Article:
Jacopo Dettoni | FDI Intelligence | August 31, 2022
The fresh wave of tourism that has mounted in the wake of the Covid-19 pandemic has yet to translate into a new investment cycle for the whole industry as operators replenish existing capacity in developed markets and reassess risk exposure in developing economies.
The Tourism Investment Report 2022, fDi’s annual special report tracking investment activity in the tourism industry, based on fDi Markets proprietary data and co-produced with the UN World Tourism Organization (UNWTO), finds that foreign investors announced a total of 250 foreign direct investment (FDI) projects in the tourism cluster in 2021, worth about $9.5bn. This is down from the 271 projects worth $17bn announced in 2020.
Despite continuous subdued investment levels, “the sector has been showing clear signs of recovery,” Zurab Pololikashvili, secretary general of the UNWTO writes in the report. “This is expected to continue throughout the rest of 2022 as more destinations ease or lift travel restrictions, and pent-up demand is unleashed.”
UNWTO data show that worldwide tourist arrivals increased by 5.3% in 2021 from the previous year and were almost three times higher in the first quarter of 2022 as they were in the first quarter of 2021.
Major stakeholders in the tourism ecosystem are already reaping the benefits. Budget airline Ryanair has smashed pre-Covid passenger records in the quarter from April to June. In the same period, booking platforms Booking.com and Airbnb also exceeded the financial results achieved in the same period of 2019.
However, the outlook remains “fragile”, as Ryanair’s CEO Michael O’Leary put it, in light of the current geopolitical and supply chain risks, and capital expenditure plans remain on hold across the industry.
Although absolute figures remain far from pre-Covid levels, a few regions have already experienced early signs of an investment recovery. Foreign investors announced more than twice as many investment projects in Africa in 2021 as they did the previous year. Project announcements in the Middle East and Western Europe also increased by 66.7% and 19.2% respectively.
However, China’s zero-Covid policy has crippled any recovery prospective in the Asia-Pacific region, where announced FDI projects fell by another 60% in 2021 from the previous year. Emerging Europe also experienced weak investment levels in 2021 – announced FDI projects decreased by 60% in 2021 from 2020.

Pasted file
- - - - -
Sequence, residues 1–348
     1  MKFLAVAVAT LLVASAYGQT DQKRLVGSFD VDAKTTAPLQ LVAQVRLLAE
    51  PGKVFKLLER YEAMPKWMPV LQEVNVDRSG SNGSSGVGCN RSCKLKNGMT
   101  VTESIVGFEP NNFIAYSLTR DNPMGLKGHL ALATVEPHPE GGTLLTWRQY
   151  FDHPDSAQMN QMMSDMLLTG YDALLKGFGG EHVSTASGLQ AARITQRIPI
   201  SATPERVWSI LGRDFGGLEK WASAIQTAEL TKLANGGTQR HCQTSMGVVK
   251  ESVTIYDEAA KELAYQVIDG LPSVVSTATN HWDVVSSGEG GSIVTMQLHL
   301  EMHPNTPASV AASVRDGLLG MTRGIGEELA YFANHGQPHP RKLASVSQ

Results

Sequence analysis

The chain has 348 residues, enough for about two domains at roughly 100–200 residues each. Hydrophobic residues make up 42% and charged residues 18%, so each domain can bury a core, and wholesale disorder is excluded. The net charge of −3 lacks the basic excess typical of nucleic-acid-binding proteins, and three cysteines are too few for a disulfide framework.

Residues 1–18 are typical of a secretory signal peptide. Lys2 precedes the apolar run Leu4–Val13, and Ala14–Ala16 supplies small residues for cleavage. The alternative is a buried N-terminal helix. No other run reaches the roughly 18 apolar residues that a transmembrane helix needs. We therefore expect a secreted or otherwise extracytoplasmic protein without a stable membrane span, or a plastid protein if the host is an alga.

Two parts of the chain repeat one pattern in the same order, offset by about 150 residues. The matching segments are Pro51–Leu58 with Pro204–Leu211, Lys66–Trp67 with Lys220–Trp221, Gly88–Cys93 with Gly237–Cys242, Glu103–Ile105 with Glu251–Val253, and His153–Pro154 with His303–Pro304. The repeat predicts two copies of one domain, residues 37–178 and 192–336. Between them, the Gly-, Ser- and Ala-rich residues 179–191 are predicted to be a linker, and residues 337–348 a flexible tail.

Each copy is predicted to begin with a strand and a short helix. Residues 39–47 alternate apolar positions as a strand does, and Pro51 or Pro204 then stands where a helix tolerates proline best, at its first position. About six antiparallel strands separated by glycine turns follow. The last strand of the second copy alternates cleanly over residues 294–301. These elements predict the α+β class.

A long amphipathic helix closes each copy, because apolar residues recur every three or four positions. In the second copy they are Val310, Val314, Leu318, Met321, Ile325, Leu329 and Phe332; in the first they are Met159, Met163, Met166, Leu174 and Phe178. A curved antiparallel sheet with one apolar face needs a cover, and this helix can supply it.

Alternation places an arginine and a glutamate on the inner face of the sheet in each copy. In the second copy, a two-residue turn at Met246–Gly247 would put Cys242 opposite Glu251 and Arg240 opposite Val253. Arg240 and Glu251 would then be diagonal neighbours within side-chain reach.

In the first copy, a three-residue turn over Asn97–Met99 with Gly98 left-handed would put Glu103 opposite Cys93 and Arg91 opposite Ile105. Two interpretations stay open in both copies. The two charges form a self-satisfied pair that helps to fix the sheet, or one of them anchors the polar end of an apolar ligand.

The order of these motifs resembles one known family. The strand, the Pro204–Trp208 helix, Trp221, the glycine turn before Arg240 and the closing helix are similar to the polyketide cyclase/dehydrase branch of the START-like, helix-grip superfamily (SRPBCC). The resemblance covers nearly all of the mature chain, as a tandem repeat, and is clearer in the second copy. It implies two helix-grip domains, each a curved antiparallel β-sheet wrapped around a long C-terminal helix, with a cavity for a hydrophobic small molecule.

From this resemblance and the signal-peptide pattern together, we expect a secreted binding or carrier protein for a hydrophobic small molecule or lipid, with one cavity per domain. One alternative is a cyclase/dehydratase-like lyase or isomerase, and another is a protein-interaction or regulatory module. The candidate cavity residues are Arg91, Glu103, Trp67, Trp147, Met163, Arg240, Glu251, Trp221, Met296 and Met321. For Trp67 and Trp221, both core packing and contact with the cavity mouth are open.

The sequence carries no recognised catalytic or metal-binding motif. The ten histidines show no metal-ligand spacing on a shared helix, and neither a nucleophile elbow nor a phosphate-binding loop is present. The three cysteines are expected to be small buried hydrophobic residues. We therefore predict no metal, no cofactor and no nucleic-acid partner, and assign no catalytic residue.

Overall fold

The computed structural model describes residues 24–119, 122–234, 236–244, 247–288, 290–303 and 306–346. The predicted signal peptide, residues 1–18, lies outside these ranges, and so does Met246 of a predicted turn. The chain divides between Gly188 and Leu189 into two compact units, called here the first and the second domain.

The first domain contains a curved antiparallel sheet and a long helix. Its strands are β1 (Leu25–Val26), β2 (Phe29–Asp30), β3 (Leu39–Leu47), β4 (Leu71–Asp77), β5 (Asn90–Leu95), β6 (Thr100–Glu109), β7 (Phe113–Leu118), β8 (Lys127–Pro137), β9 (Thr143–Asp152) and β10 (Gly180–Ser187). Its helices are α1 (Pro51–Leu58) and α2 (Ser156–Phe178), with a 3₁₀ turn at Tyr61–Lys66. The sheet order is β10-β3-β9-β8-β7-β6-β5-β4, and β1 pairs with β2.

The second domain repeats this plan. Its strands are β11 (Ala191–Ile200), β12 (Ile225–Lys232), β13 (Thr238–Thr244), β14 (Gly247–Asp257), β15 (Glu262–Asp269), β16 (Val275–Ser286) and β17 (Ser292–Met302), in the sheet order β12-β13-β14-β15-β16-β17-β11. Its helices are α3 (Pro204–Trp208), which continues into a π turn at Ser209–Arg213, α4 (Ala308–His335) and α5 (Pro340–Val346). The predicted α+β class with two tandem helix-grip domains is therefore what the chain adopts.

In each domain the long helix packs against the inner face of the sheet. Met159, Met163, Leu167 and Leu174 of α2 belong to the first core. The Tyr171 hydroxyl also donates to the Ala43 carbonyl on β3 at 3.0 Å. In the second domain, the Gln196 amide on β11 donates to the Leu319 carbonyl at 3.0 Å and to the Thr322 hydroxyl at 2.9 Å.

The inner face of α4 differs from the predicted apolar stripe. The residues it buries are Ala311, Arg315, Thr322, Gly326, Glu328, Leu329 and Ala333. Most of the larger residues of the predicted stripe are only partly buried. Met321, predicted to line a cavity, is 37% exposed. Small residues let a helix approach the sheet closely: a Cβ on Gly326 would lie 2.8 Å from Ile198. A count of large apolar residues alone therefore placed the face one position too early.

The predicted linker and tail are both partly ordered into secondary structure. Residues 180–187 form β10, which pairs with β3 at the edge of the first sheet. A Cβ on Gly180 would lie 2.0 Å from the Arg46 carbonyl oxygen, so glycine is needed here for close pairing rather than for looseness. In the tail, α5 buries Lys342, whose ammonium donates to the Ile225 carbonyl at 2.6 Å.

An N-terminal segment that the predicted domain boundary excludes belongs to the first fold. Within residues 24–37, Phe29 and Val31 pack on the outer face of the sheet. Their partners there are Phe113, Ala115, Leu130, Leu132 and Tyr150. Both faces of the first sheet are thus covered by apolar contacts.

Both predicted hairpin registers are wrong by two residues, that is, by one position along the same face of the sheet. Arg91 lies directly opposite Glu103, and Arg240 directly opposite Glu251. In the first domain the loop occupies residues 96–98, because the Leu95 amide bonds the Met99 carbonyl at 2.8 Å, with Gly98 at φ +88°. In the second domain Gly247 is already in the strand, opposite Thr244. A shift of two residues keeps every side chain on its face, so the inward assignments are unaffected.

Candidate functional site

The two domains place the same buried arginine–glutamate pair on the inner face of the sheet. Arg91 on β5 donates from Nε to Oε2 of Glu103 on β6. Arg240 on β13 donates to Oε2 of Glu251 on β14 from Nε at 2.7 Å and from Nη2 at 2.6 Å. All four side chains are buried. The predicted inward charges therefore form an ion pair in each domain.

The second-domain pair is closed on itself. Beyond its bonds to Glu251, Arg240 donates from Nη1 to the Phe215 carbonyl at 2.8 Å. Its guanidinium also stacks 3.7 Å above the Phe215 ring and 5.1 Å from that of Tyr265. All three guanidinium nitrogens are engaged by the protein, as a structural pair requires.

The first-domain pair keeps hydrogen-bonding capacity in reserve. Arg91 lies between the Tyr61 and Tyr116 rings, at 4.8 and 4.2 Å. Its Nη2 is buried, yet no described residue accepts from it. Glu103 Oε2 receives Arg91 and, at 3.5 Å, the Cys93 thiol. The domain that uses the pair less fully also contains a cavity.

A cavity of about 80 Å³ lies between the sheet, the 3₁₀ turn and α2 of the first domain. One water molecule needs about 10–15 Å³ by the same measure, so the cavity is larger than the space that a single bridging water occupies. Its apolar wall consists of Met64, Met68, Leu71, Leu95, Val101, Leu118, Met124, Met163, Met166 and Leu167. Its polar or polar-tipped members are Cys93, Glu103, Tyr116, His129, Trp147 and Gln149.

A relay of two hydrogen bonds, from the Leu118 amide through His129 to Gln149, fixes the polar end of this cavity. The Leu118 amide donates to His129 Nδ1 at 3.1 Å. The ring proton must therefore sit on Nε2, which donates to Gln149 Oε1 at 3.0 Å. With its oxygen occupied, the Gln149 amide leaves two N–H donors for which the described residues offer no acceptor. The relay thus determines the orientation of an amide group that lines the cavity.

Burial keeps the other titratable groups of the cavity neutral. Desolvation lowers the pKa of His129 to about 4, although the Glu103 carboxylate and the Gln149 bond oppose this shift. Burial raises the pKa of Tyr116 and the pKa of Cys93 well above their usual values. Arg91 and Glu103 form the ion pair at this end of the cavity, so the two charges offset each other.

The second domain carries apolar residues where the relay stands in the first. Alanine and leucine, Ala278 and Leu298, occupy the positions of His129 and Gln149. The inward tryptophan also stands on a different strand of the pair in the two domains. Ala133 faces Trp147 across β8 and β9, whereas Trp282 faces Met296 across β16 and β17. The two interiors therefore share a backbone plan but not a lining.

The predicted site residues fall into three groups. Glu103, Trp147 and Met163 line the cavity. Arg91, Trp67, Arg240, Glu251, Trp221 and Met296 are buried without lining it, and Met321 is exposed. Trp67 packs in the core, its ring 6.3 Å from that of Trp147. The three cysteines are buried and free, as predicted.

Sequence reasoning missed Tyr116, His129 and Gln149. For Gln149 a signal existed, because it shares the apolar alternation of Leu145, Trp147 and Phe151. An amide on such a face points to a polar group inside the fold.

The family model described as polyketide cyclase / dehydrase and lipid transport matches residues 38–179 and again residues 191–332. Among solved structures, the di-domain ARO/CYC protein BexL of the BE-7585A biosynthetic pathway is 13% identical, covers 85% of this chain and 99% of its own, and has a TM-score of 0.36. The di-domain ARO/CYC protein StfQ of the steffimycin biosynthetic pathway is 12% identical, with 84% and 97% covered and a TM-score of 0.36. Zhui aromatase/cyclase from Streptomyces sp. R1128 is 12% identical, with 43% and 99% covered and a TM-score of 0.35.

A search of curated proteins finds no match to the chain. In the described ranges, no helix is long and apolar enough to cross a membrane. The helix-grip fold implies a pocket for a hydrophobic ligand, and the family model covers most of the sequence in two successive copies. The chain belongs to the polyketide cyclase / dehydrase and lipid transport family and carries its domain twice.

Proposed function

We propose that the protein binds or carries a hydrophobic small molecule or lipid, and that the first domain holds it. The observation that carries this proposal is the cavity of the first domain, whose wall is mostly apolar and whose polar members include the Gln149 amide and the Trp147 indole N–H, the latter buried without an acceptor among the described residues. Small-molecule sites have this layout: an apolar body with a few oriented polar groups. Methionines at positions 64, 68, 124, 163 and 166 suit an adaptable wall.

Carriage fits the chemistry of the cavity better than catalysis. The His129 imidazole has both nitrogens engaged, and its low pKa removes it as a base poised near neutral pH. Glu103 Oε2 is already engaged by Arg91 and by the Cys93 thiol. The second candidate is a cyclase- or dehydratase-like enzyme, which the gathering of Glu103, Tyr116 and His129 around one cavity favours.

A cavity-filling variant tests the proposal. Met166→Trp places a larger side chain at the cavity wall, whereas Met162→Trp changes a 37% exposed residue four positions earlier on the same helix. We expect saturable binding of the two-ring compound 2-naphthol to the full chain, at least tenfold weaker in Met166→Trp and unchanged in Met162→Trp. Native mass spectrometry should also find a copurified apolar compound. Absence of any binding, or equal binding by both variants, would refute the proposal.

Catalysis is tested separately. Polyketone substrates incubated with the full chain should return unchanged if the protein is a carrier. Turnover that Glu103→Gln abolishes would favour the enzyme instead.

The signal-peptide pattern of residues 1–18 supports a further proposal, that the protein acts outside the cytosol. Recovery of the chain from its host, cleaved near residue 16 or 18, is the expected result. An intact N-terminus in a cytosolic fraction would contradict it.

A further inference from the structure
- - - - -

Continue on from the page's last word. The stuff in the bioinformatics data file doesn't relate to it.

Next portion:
Worldwide, hotel developers remained conservative with their greenfield FDI commitments, with projects in the sub-sector falling to 115, from 172 in 2020 and 522 in 2019. While also remaining below 2019 levels, FDI projects announced by tourism digital services providers rebounded to 61 in 2021, up from 44 the previous year as innovation and new technologies such as artificial intelligence disrupt functions once provided by legacy players like marketing, booking services and customer relationship management providers.
US hotel powerhouse Marriott confirmed itself as the single largest foreign investor in the tourism cluster, followed by Hyatt International and Travel + Leisure Co (formerly known as Wyndham Destinations). Selina remains the only Latin American hotel group in the top 10. Accor, InterContinental Hotels Group, Barcelo, Melia Hotels International and TUI Group round out the top 10 from Europe while Minor International is the only representative from the Asia-Pacific region.
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Jim Hepple is an Assistant Professor at the University of Aruba and is Managing Director of Tourism Analytics.